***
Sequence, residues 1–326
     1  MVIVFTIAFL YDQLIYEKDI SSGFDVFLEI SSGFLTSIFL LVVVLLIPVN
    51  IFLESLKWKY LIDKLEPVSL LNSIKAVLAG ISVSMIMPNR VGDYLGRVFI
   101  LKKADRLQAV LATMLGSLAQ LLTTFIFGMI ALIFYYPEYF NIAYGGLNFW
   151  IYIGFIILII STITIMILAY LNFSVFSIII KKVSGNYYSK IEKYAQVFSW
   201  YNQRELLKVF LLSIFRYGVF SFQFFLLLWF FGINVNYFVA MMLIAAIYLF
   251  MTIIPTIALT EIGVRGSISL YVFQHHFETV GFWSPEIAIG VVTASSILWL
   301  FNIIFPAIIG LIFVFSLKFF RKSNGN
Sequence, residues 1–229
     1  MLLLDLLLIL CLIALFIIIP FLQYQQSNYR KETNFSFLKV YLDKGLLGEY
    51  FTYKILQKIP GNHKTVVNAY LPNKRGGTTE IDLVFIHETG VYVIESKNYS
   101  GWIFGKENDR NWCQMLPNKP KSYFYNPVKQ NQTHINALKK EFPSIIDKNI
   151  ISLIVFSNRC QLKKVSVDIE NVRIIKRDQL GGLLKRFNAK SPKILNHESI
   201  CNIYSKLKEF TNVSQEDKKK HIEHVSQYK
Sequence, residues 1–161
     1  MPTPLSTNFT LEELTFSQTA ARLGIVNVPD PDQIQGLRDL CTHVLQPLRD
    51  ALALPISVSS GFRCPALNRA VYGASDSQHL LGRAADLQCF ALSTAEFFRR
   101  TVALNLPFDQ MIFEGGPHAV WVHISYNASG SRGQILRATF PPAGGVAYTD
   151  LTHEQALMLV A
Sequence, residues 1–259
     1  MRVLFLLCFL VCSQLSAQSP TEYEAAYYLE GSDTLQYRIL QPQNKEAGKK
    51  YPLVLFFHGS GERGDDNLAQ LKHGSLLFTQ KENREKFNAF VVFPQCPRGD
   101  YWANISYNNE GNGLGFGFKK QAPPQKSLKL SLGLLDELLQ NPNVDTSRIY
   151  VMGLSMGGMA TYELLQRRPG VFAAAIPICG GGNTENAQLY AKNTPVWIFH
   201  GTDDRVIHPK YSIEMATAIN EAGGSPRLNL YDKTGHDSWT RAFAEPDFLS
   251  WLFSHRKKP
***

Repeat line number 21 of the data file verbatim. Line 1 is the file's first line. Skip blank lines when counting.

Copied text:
     1  MRVLFLLCFL VCSQLSAQSP TEYEAAYYLE GSDTLQYRIL QPQNKEAGKK